3. Distinguishing between constituent and amending power: Another line of reasoning adopted by the Court was distinguishing between the constituent and amending powers. While the constituent power was vested in a special organ such as a constituent assembly (in line with the ideas of Sieyes and Hauriou), the amending power was vested in the parliament. Only the constituent power could completely revise, repeal or abrogate the constitution; as per the language of Article 368, such powers did not rest with the parliament or amending power.
  4. Preventing the abuse of power: Another justification for implied limitations on constitutional amendments was to prevent the misuse of power by the parliament. As elaborated by Justice Sikri, Article 368 could itself be amended to make the constitution completely flexible or rigid and unamendable. Limitations on constitutional amendments were, hence, necessary for preventing ‘extra-constitutional revolution’.

Migration, invention, integration and forgetting

In this section, Polzin argues that the justifications given by the Court in Kesavananda are markedly different from Schmitt’s ‘problematic’ conceptualization of the constituent power that is not subject to any external control. Rather, only Schmitt’s general idea that the amending power is limited and does not include the power to destroy the constitutions seems to have been integrated into the Indian basic-structure doctrine.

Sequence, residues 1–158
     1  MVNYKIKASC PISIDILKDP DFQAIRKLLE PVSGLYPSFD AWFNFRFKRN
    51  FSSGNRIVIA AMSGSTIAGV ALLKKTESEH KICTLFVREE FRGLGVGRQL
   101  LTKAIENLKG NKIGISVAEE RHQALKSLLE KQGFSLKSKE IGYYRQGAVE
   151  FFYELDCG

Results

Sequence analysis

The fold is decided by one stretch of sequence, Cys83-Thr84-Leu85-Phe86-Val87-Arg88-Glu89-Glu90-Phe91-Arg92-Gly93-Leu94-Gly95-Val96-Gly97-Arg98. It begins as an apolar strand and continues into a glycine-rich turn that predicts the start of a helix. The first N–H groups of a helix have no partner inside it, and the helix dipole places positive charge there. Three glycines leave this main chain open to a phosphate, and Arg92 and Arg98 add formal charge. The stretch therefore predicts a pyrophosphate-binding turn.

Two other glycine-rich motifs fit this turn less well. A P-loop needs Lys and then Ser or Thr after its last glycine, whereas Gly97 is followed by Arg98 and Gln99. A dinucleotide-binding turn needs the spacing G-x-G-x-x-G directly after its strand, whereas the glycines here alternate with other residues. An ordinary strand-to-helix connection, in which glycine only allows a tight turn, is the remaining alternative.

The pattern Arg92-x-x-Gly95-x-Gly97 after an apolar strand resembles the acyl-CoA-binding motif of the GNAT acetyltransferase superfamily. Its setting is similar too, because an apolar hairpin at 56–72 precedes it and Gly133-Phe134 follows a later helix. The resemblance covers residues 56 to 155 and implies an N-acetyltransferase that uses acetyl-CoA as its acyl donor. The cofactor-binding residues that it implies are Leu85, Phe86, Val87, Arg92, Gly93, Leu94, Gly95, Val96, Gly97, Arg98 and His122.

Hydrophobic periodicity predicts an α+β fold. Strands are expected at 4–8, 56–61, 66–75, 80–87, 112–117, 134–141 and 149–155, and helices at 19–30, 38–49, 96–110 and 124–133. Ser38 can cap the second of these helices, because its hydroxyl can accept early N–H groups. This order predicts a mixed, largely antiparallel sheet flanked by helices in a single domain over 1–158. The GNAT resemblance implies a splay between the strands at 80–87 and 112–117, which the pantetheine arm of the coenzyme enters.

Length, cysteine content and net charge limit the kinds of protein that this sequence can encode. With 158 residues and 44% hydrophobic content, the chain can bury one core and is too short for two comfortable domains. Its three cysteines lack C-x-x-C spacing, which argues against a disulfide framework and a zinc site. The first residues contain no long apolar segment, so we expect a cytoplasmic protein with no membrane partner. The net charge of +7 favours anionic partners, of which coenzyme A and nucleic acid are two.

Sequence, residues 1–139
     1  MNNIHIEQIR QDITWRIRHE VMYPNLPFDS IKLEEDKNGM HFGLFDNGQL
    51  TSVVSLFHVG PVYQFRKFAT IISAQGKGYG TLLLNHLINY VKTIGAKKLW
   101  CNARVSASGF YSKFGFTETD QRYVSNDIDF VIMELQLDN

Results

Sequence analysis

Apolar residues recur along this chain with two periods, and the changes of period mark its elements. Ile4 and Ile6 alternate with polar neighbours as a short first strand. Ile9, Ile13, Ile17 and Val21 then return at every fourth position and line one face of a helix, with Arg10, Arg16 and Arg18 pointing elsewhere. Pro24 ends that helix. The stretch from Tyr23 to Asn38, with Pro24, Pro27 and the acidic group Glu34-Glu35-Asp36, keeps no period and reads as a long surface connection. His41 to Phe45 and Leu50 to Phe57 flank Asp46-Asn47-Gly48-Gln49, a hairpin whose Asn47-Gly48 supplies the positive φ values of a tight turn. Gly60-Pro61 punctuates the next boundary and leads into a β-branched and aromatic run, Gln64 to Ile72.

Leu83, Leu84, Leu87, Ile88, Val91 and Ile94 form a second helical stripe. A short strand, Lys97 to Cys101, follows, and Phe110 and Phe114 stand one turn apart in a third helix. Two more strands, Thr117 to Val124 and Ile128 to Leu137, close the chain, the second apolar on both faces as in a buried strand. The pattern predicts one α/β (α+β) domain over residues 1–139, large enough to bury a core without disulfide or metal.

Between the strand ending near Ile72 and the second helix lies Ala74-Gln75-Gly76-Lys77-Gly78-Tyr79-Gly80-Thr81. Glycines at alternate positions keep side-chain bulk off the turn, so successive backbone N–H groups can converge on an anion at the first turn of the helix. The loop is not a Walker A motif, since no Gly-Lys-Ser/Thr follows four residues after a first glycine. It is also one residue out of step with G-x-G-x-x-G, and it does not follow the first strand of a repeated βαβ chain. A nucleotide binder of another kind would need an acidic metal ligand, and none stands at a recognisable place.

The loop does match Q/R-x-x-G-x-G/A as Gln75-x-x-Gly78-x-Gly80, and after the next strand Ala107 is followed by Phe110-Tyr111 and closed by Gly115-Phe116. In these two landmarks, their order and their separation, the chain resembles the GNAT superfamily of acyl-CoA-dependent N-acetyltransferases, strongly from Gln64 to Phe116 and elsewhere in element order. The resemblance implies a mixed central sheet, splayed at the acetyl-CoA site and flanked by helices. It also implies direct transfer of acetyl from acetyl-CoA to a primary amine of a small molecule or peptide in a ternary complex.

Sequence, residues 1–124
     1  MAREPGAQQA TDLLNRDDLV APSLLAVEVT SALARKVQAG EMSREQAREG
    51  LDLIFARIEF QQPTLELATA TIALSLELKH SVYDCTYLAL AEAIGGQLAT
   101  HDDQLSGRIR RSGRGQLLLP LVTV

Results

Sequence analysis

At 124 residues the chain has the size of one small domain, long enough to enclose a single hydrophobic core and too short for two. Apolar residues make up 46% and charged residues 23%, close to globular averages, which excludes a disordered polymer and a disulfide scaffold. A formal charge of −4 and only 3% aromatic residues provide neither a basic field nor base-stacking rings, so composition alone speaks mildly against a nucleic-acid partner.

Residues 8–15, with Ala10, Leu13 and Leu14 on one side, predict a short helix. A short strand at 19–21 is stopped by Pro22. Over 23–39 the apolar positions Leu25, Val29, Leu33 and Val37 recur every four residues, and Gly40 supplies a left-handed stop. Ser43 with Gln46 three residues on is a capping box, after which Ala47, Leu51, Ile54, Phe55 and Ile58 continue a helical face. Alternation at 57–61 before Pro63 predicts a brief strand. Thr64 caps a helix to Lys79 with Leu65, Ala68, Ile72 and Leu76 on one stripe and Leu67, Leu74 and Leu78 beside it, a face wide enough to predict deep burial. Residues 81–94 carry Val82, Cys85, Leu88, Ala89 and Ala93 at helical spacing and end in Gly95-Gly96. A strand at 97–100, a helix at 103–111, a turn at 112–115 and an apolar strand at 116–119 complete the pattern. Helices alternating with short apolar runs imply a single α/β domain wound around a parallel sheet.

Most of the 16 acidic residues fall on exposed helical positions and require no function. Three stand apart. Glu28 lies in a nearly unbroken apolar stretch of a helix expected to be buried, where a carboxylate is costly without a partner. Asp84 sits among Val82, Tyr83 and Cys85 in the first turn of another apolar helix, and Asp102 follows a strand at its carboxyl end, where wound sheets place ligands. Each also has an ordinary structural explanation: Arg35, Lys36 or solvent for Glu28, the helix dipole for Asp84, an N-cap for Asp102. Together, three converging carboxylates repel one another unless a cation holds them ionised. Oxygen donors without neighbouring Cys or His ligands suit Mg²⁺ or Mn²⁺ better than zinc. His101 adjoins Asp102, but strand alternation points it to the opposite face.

As Polzin further points out, the crucial difference between the Court’s judgement in Kesavananda and Schmitt’s theory is that the former is rooted in the rule of law and commitment to democratic principles. The rationale of the basic-structure doctrine was to protect the core identity of the constitution, which in turn would guarantee democracy and individual freedom. In that sense, it bore a closer resemblance to the theoretical works of Hauriou. Such a similarity in approach is particularly evident in the opinion of Shelat and Grover JJ., who conceptualized the constituent power as an instituted power, exercised through a specially constituted assembly. Thus, any amending power that was not organized as such an assembly would only have a limited power of amendment.


The development of the basic-structure doctrine is a powerful example of how Schmitt’s general idea of limitations on constitutional amendments has migrated to the Indian context while leaving aside the more dangerous and illegitimate parts of his theory that pertain to an unbound constituent power. Despite this apparent happy ending, Polzin ends her article with a cautionary note. Schmitt’s idea, along with other theories than recognize an unbound constituent power, can always be used to overcome implied and explicit limits on constitutional amendments, and even to completely destroy the same. As Polzin concludes, the concept of implied limits on constitutional amendments has two sides: a bright side that protects the core identity of the constitution and a darker side (in line with Schmitt’s theory) that could result in the destruction of a democratic, constitutional state. The doctrine must, therefore, be used cautiously.


Dr. Monika Polzin is a Professor at the Institute for European and International Law, Vienna University of Economics and Business.